Saint Cecilia Mass by Charles Gounod (1818-1893)

Composer Charles François Gounod (b. Paris 1818; d. Saint-Cloud 1893) was a practicing Catholic and as a youth intended to become a priest. He eventually decided he was unsuited for the priesthood but expressed his devotion in numerous works of sacred music. After winning the Grand Prix de Rome in 1839, Gounod spent much of his time at the Sistine Chapel listening to and studying the works of sixteenth century masters. During the summer of 1855, while at work on the St. Cecilia Mass, he wrote to his mother, “During the afternoons I usually go to the woods and read selections of my beloved Saint Augustine.  I have translated them; that is my time of reflection. Following that, I contemplate my Mass.” After the premier of the Messe Solennelle de Sainte Cécile, in the Church of St Eustache in Paris on Saint Cecilia’s Day, November 22, 1855, a French publication’s reviewer noted, “He has the sense of liturgical things; and I shall say more, he is convinced; he believes!” This rendition established Gounod’s fame as a noteworthy composer. The Messe Solennelle was dedicated by the composer to Saint Cecilia, the patron saint of musicians, who like Saint Agnes, was martyred for her faith in Rome and is memorialized in both the Roman Canon (Para. 96) and the Roman Martyrology (September 16 and November 22). Gounod also composed this Mass in memory of his music teacher and father-in-law, Pierre Joseph Zimmerman, who died in 1853. Gounod’s ability to compose dramatic music for the opera is also evident in this great Mass. The Gloria and Credo are famous for their drama, power and memorable melodies. The Sanctus with the enormous and beautiful tenor solo reaches a full musical climax at “Hosanna in excelsis” near the end of the movement.  This Mass is a traditional favorite of the Chorale, and we are especially pleased to present it in memory of our founding music director, Msgr. Richard J. Schuler.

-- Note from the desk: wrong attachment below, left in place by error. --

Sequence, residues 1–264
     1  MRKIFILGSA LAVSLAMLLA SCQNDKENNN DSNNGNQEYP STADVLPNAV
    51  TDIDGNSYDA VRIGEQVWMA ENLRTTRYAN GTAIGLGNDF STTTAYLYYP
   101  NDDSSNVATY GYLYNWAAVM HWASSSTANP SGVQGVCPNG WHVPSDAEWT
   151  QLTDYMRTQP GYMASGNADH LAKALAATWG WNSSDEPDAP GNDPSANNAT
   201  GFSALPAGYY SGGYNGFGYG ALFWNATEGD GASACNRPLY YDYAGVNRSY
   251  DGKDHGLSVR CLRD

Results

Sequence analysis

(Adapted from a note by Erik Eriksson in the “All Music Guide to Classical Music”, published in 2005 by Backbeat Books)

Processional:  Josef Rheinberger, Organ Concerto No. 1 in F Major, Op. 137: I.  Maestoso (1884)
This processional is the first movement (Maestoso) of Josef Rheinberger’s (b.1839 Vaduz; d.1901 Munich) Organ Concerto No. 1 in F Major.  Much respected in his life-time, the composer and organist is chiefly remembered for his organ music; notably twenty sonatas, and two concertos from late in his career. He showed phenomenal early ability and was trained at the Munich Conservatory, where he was later employed as a professor until his death. Written for string orchestra with judicious touches of color, a trio of horns in the First Concerto and pairs of trumpets and horns with timpani in the Second, Rheinberger’s organ concertos display a masterful use of deceptively simple motifs and several very effective climaxes.

Offertory:  Charles Gounod, Messe Solennelle de Sainte Cécile in G Major: IV. Offertorium (Instrumental) (1855)
An instrumental Offertorium included in Gounod’s Saint Cecilia Mass follows the chanted Offertory Antiphon.  A threefold supplication in the original score was inserted by the composer between the Credo and the instrumental Offertorium. The text, “Domine, salvum fac Imperatorem nostrum Napoleonem, et exaudi nos in die qua invocaverimus te” (Lord, bless our emperor Napoleon and hear our prayer this day that we call you), was sung the first time as the Prière de l’Eglise (prayer of the church) by the choir a cappella after a short instrumental introduction, the second time as the Prière de l’Armée (prayer of the army) by the men’s voices and brass, and the third time as the Prière de la Nation (prayer of the nation) by the choir with orchestra. This intercession is not included in the score used by the Chorale & Orchestra.

Gounod’s Saint Cecilia Mass is conducted by Chorale music director Robert L. Peterson.  Mary E. LeVoir is the organist.  Soloists are Patricia Kent, soprano; Jocelyn Kalajian, contralto; Adam Gedde, tenor; and Jon Nordstrom, bass. The Schola Cantorum is directed by Paul W. LeVoir.  The Saint Cecilia Mass was first presented by the Twin Cities Catholic Chorale & Orchestra as part of its 1985-1986 season. The Chorale and Orchestra last presented this Mass on January 18, 2015.

The Saint Cecilia Mass was recorded by the Chorale in 1986 and is available for purchase in Schuler Hall after Sunday Masses, or from the Leaflet Missal Co. at http://www.leafletonline.com/.

The weekly schedule of Chorale Masses is posted here, and printed copies are at the church entrance, along with donation envelopes. The Chorale is a non-profit organization and depends on the generosity of donors. Please send contributions to: Twin Cities Catholic Chorale, P.O. Box 4234, St. Paul, MN 55104. A few of our contributors have asked about sponsoring a specific Mass on a given Sunday. If you might be interested, please contact Virginia Schubert, the Chorale’s President, at inquiry@catholicchorale.org.

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